Enjoyed as a snack or dessert, malpua are famously prepared during the holy month of Ramadan by Muslim families across India, Pakistan and Bangladesh to break their fast. In some regions the batter is prepared by crushing ripe bananas (or in Bangladesh, coconut), adding flour, and water or milk, and perhaps a pinch of cardamom. It is deep-fried in oil and served hot. The Bihari version has sugar added to the batter prior to frying, while in nearby Odisha the fritters are dipped in syrup after they are fried.
In northern India, malpua don’t contain fruit, but may contain maida (refined flour), semolina, milk and yoghurt. After resting for a few hours, the batter is spooned into hot oil to form a crisp-edged bubbling pancake, which is then immersed in a thick sugar syrup.
To make the batter, combine the flour, palm sugar, baking powder, fennel seeds, poppy seeds, cardamom and a pinch of salt in a large bowl. Stir in the warm milk and whipped yoghurt. Add a bit more milk if needed to make the batter of pouring consistency. Cover with a tea towel or plastic wrap and leave to rest at room temperature for 5–6 hours.
Near serving time, prepare the syrup. Pour the water into a large saucepan and bring to the boil over high heat. Add the sugar. Allow the mixture to come up to a bubble without stirring, then reduce the heat to low and cook until the syrup reaches the ‘soft ball stage’, or 105–110°C (220–230°C) on a sugar thermometer. To test, dip a spatula in the liquid, then carefully place a drop of sugar syrup on your forefinger. Touch your finger to your thumb: the syrup is ready when it sticks onto your thumb, with just one thread. If the syrup is thicker, stir in a little more water, bring it back to the boil and turn off the heat. Stir in the cardamom pods, set aside and keep warm.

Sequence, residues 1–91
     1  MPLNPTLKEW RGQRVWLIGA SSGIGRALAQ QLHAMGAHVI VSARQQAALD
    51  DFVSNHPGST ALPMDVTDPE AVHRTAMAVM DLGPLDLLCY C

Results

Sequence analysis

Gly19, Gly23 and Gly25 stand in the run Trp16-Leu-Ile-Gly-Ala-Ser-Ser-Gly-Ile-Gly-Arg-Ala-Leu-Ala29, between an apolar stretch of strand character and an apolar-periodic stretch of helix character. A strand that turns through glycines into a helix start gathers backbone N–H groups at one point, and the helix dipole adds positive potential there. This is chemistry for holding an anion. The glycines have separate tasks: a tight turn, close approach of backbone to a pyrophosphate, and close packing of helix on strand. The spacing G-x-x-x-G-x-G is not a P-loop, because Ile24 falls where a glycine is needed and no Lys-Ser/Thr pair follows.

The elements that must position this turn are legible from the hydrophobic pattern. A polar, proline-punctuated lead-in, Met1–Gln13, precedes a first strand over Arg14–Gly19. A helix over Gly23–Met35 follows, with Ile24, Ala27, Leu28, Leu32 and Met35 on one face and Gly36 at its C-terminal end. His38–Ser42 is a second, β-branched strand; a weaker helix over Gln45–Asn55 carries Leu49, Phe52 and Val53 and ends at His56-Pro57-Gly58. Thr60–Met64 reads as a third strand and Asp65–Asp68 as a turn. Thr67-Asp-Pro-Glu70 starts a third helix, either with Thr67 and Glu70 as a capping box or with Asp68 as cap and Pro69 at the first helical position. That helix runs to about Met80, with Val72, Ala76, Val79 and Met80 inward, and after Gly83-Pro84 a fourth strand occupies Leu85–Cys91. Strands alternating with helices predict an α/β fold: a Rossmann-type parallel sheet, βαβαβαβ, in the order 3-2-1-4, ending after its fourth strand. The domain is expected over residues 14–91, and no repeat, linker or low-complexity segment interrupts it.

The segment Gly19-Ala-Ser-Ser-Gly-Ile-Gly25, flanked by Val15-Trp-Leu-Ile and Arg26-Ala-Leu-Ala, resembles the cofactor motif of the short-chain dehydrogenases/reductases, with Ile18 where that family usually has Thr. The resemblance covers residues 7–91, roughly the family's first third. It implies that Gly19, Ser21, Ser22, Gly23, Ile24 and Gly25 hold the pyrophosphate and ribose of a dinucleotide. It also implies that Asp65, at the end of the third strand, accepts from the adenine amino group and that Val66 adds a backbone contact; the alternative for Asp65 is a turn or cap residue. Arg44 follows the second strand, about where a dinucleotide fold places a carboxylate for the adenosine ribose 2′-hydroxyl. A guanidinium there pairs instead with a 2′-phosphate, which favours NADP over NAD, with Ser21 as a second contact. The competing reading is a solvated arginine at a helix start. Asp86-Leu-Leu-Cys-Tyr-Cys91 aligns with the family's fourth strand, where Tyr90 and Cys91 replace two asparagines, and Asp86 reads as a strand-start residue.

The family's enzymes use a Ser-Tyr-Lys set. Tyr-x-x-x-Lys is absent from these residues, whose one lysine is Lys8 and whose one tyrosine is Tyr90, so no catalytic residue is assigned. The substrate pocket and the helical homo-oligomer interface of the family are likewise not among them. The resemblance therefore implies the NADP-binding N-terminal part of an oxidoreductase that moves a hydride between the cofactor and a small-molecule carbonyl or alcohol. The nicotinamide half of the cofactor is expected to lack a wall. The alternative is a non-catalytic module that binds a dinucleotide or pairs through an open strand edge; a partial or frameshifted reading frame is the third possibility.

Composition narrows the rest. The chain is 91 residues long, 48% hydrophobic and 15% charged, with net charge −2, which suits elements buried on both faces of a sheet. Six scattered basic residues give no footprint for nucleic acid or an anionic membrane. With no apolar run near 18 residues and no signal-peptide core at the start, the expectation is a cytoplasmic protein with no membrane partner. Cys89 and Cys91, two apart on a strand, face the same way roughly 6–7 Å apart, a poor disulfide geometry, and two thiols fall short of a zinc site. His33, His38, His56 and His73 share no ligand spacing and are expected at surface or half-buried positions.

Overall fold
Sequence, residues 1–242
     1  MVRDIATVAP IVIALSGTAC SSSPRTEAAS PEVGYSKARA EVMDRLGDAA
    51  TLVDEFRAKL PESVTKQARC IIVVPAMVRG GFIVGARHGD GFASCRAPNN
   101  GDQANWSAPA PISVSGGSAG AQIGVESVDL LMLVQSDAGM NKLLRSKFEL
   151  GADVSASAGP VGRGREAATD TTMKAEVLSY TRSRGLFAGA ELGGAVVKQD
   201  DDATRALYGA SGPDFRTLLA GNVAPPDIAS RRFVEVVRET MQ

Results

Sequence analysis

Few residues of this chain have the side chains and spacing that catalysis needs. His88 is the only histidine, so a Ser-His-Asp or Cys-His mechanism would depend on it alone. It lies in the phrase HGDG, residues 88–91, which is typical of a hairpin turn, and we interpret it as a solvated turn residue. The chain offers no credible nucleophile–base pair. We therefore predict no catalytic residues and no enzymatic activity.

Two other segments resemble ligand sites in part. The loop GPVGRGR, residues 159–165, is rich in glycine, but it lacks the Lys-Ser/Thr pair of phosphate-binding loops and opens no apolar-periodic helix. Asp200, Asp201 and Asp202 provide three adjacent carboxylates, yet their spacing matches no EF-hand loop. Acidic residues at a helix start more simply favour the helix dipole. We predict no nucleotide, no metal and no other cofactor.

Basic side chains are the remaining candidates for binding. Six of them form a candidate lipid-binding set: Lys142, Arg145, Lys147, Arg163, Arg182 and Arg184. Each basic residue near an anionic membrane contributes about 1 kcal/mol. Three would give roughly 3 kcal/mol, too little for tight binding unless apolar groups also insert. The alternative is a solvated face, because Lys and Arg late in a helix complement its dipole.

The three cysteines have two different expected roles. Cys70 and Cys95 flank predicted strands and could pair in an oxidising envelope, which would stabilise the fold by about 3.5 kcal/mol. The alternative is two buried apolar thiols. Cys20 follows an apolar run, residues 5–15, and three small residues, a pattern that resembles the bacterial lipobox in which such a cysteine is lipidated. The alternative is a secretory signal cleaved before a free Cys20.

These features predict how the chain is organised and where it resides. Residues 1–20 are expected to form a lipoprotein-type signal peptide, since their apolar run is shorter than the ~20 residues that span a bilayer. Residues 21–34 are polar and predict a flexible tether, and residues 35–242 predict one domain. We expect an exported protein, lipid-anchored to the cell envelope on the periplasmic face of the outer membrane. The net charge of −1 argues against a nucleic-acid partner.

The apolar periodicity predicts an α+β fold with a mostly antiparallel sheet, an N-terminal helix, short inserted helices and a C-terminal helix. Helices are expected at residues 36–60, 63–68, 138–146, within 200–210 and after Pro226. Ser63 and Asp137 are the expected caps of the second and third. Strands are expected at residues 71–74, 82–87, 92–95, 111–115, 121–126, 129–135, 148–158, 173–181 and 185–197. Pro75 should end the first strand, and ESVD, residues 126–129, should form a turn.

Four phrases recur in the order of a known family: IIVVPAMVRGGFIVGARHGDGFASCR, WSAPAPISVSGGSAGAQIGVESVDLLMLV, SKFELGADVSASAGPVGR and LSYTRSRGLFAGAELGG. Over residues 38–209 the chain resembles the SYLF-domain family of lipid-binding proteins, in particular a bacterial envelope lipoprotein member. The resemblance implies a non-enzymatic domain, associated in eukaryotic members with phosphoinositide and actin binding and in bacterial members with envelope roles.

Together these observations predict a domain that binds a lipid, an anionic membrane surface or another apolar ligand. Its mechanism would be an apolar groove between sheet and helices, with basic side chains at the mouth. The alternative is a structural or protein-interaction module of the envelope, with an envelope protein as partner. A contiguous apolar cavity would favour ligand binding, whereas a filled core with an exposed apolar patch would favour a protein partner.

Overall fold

In a non-stick frying pan, heat about 2.5 cm (1 inch) oil over medium–high heat, to 170°C (325°F), or until a cube of bread dropped into the oil turns brown in 20 seconds.
Reduce the heat to low. Pour a ladleful of batter into the oil and fry for 1–2 minutes, until golden brown underneath, then turn and cook on the other side. Drain on paper towel, then immediately immerse in the warm sugar syrup.
Repeat with the remaining batter; depending on the size of your pan, you may be able to cook two or three at a time.
Garnish with the almonds and serve as soon as possible, while the malpua are warm and juicy.
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